There are a lot of reasons you might want to download all the crates ever uploaded to crates.io, Rust’s package registry: code analysis across the whole public ecosystem, hosting a mirror for your company, or countless other ideas and projects.
The team behind crates.io receives a lot of support request asking what’s the best and least impactful way to do this, so here is a little guide on how to do that!
The way I recommend to get the list of all the crates is to rely on the index: the experimental database dumps are more heavyweight and are only updated daily, while usage of the API is governed by the crawlers policy (limiting you to one API call per second). If you absolutely need to use the API please talk with us by emailing firstname.lastname@example.org, and we’ll figure out a solution.
The index is a git repository, and the format of its content is defined by RFC 2141. There are crates such as crates-index that allow you to easily query its contents, and I recommend using them whenever possible.
The best way to download the packages is to fetch them directly from our CDN. Compared to calling the crates.io API, the CDN does not have rate limits and is faster (as the API redirects you to the CDN after updating the download count). The CDN URLs follow this pattern:
For example, here is the link to download Serde 1.0.0. Packages
If you want to ensure the contents of the CDN were not tampered with you can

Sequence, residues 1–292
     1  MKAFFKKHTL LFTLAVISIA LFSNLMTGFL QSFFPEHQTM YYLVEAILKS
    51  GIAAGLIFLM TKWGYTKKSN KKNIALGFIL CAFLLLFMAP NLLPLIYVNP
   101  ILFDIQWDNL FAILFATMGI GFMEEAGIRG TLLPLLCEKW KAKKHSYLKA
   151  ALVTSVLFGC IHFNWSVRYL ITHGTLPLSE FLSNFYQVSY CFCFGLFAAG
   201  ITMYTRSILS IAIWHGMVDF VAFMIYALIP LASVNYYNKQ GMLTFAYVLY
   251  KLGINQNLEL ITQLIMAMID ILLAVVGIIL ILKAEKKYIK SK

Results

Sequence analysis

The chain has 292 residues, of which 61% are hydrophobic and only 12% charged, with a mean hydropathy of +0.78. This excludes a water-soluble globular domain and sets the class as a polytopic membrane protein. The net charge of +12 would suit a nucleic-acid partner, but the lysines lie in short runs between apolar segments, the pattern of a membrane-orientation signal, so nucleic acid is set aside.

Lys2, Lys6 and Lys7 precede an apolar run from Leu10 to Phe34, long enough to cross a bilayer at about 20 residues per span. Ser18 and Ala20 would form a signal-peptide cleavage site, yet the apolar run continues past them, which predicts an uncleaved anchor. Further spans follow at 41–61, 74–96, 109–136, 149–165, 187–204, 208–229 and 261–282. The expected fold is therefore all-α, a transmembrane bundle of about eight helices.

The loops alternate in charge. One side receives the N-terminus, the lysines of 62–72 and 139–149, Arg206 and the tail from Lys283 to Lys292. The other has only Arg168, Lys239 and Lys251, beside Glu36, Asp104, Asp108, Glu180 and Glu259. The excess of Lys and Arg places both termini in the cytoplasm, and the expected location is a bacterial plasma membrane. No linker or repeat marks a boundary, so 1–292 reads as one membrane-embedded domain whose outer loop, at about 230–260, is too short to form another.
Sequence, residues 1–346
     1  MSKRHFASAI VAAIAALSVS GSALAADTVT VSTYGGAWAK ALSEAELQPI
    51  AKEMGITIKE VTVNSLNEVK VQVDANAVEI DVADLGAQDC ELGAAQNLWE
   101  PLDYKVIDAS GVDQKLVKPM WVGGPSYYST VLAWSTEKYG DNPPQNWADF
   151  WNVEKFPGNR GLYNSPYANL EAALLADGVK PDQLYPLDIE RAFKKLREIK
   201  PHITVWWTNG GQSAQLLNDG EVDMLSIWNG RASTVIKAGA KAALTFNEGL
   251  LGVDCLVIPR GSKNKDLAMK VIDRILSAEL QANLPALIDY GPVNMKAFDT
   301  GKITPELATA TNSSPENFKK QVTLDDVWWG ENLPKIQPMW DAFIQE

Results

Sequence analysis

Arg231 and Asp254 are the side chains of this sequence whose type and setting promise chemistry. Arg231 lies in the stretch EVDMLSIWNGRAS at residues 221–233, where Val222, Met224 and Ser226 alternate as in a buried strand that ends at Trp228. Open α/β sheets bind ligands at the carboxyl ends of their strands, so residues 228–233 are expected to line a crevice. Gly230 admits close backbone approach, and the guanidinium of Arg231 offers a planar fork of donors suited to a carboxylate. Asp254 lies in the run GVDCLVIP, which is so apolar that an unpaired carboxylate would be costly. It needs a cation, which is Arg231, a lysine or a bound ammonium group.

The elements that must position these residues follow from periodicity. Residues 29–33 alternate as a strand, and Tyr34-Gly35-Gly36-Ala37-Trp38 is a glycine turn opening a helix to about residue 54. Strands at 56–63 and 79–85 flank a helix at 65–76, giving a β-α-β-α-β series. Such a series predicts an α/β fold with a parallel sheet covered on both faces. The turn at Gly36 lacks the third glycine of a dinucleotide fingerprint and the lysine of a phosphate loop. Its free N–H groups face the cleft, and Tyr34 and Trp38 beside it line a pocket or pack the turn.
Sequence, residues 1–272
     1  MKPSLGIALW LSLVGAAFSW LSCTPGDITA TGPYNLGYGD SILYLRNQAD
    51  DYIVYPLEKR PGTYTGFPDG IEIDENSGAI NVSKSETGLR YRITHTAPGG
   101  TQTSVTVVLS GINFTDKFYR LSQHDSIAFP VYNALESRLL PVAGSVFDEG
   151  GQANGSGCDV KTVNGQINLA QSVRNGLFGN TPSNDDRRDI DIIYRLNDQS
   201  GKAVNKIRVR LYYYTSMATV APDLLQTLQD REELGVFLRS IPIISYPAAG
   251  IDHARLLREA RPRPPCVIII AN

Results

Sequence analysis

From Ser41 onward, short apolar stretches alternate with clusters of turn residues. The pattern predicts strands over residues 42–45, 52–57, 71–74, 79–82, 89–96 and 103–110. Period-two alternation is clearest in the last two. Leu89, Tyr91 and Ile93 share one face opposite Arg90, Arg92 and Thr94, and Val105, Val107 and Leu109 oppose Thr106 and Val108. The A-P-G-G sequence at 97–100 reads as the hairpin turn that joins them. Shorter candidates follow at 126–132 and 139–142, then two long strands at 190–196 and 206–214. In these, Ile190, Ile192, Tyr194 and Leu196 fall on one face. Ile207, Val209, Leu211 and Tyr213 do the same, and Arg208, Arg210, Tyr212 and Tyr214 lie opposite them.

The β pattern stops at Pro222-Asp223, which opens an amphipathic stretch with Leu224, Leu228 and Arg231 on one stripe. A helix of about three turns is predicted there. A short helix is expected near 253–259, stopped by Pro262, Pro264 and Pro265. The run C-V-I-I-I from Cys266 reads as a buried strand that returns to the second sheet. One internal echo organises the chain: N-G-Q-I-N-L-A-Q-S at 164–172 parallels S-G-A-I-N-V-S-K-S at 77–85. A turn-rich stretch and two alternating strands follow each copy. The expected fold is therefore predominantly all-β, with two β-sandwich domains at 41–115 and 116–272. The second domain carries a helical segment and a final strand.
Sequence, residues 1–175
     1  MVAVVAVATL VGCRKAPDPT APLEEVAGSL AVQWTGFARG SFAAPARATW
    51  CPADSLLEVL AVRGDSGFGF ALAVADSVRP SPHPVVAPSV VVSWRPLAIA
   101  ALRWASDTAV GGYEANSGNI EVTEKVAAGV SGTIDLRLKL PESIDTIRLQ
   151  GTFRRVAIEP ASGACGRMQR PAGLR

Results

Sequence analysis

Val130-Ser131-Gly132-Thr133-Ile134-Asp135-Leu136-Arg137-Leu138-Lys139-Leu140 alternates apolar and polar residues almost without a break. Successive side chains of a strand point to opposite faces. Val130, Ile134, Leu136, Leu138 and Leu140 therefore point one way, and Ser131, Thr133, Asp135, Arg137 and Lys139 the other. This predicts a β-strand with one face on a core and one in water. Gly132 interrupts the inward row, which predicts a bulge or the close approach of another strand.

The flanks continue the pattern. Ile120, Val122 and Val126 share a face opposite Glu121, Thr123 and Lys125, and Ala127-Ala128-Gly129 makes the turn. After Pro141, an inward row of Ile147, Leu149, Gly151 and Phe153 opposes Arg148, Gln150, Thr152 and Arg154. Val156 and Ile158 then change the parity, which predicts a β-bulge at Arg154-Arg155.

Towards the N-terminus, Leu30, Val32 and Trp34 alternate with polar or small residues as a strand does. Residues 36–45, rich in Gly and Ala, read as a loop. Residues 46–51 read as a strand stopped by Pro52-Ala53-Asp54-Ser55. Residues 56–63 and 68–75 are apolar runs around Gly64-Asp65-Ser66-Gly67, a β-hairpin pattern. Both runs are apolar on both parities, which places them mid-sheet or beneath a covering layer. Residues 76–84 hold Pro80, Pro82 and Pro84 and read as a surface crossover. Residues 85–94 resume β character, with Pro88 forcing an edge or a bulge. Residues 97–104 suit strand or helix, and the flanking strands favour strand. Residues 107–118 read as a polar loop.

verify the SHA256 checksum of the file you downloaded by comparing it with the
cksum field in the index.
The best way to keep your local copy up to date is to fetch a fresh list of crates available on crates.io and check if all of them are present in the local system, downloading the ones you’re missing. I personally recommend this approach as it’s less error-prone, and it heals your copy automatically if for whatever reason some of the changes are lost during a previous update.
Another interesting approach you could implement is to get the difference since
the last update of the index with
git diff, parsing its output to get the
list of crates that were added. There are also third-party crates such as
crates-index-diff that automate this process for you. This approach is more
fragile and error-prone, but it might be the only sensible solution if checking
whether you downloaded a crate or not is slow or expensive.
While the basics of downloading the contents of crates.io are simple, there are a couple of issues to be aware of when implementing such tooling:
The crates.io team strives to keep the registry as immutable as possible, but we can’t always keep that promise. The technology world doesn’t exist in a bubble, and there are laws everyone needs to abide to. Occasionally we receive takedown requests due to trademark or copyright issues, and we have to remove the crates both from the registry and the CDN: your tooling should handle existing crates disappearing.
To reduce the download size for cargo users we regularly squash the index repository into a single commit, and start the git history from scratch. The previous history is kept in a separate branch. To account for this we recommend running these commands to update the index:
git fetch git reset --hard origin/master